“Caligula and Trump were born a world apart: different cultures, different upbringings, and different eras. But in so many ways, their minds worked alike. They both became rulers by accident, not by pedigree or design.

|“In a new book Quid Pro Quo, author Valerie Block says of Caligula: ‘An arrogant, narcissistic, blond serial rapist attains the highest office in the land, abuses his power, and offends everyone personally: this is the subject of my newest novel, Quid Pro Quo, a behind-the-scenes look at the assassination of Caligula, the third Emperor of ancient Rome. It is impossible to ignore the many echoes of Caligula’s story that played out in the 2016 election of Donald J. Trump, a man whom the 2nd-century historian Suetonius might have been describing when he wrote of Caligula, ‘there was nothing in his own character which he admired and approved more highly than…his shameless impudence.’

“Block also said that Caligula and Trump share a lot of characteristics, to wit: (1) Narcissism [‘All of the women on The Apprentice flirted with me – consciously or unconsciously. That’s to be expected,’ he boasted]; (2) Grandiosity [‘I know more about ISIS than the generals do, believe me.’]; (3) Cruelty [Trump once said, ‘I would bring back waterboarding and I’d bring back a hell of a lot worse than waterboarding.’]; (4) Comfort with negative attention [‘Bad publicity is sometimes better than no publicity at all. Controversy, in short, sells.’]; (5) Sexual misconduct, promiscuity, and violence [‘You know I’m automatically attracted to beautiful women, I just start kissing them, it’s like a magnet. You know when you’re a star they let you do it. You can do anything. Grab them by the pussy. You can do anything.’ — Trump talking to the host of Access Hollywood in 2005.]; (6) Motivated by revenge [‘My motto is: Always get even. When somebody screws you, screw them back in spades.’]; and (7) Delusion [‘I alone can fix it.’].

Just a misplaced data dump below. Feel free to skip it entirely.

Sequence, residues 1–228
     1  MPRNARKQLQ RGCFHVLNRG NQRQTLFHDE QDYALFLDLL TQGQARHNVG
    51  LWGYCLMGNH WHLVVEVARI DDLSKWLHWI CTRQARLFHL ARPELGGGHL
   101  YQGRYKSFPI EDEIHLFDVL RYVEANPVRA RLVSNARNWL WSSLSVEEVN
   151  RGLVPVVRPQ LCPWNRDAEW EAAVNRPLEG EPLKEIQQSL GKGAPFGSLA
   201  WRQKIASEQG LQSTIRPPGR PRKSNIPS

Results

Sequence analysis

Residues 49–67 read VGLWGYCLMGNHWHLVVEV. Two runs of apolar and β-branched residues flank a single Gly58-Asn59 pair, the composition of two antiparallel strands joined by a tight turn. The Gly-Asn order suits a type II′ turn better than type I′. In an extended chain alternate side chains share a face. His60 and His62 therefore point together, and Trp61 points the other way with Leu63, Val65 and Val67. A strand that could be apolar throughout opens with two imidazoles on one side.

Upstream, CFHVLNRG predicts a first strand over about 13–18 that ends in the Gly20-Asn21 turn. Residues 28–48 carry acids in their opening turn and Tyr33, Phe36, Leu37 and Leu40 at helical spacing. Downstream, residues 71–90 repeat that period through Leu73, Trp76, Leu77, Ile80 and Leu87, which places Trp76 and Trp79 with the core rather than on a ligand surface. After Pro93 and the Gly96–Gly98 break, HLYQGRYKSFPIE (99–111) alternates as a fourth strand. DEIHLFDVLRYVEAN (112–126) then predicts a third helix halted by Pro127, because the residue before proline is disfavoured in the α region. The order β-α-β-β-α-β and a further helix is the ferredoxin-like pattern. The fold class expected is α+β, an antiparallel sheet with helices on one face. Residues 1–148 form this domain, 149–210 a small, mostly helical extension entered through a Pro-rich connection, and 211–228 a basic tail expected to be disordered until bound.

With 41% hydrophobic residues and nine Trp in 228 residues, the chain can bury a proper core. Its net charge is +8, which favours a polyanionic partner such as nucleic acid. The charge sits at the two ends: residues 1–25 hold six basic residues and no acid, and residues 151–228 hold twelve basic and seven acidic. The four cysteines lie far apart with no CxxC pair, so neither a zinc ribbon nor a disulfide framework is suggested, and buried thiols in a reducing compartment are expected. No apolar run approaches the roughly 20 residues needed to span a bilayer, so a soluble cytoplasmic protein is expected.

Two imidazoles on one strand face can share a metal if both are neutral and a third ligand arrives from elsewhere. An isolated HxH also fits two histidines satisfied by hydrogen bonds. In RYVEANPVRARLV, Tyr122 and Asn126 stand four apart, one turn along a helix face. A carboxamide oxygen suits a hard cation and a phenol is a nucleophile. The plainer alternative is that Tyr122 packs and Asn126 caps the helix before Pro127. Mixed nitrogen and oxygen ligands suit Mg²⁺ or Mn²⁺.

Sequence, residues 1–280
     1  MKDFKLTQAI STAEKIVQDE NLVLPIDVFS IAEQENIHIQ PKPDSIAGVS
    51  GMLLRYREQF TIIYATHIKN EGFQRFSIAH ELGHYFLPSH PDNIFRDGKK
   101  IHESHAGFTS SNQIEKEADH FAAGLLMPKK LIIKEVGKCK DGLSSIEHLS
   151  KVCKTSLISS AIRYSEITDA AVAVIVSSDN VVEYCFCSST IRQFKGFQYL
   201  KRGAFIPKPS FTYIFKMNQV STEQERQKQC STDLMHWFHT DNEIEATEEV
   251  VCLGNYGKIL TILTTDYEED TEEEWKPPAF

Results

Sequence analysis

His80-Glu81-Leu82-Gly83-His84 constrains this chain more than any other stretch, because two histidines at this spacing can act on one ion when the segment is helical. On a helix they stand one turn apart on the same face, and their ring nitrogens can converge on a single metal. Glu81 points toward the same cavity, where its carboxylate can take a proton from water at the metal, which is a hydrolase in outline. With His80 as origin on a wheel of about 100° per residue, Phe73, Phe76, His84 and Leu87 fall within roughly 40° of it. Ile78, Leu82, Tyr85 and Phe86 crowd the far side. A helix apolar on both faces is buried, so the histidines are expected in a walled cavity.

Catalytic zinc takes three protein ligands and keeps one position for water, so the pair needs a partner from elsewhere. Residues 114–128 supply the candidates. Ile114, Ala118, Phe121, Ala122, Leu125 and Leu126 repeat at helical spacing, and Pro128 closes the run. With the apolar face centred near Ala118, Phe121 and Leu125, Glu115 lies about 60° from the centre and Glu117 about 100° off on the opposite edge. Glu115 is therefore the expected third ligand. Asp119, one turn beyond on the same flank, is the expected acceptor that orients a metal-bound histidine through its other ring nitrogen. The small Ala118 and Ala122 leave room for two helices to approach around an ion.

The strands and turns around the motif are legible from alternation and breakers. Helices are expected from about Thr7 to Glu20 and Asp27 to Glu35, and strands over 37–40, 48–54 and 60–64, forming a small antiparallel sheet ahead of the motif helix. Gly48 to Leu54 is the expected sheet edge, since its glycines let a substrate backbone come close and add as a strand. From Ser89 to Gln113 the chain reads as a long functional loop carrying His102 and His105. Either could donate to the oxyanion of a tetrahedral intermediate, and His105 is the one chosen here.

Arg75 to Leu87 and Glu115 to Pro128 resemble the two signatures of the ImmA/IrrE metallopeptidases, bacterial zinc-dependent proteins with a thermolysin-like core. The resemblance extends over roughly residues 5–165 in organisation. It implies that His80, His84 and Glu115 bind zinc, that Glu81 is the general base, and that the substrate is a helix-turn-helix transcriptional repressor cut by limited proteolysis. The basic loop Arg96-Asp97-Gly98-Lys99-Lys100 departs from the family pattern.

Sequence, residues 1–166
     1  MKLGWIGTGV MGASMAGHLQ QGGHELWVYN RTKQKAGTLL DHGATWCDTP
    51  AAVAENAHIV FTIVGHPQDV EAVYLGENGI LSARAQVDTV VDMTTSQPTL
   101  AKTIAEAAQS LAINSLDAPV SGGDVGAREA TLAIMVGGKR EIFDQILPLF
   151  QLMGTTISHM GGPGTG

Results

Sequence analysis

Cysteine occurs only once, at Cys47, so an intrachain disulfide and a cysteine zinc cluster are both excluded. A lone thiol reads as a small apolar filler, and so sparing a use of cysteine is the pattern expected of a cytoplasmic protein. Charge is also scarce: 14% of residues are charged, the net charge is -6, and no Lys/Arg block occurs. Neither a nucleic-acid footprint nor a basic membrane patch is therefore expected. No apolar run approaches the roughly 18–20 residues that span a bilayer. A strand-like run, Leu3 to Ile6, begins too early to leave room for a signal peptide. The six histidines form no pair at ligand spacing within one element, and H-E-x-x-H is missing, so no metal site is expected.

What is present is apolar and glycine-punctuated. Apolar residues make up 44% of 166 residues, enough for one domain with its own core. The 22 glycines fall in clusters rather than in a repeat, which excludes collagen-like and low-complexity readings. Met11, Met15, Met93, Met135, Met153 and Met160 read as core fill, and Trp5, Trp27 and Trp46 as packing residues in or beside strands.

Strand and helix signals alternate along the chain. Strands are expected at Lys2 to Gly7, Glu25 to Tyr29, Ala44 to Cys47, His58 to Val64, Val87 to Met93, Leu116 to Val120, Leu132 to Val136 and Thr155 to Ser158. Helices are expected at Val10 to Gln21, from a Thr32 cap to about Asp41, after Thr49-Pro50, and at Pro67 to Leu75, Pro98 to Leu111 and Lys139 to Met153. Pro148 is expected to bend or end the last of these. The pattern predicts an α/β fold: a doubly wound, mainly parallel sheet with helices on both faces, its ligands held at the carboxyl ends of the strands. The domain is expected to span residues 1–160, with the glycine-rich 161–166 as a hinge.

With all these similarities, Trump might as well be called Caligula Trumpus Americanus. Could it be that Trump is Caligula reincarnated?”

Aftermath of the election

On November 3, 2020, Trump lost in his re-election campaign. With his loss, the Trump Empire falls like a field of mushrooms, which never gained any foothold during the four years he was in power. Unlike Vladimir Putin, Xi Jinping, and Kim Jong-un, who build their empires on solid ground with the backing of a strong military, Trump never gained the loyalty of the U.S. military. It was meant to be for the U. S. military was never designed to be loyal to one person. It was designed to serve the American people and the democratic institution the country was built upon.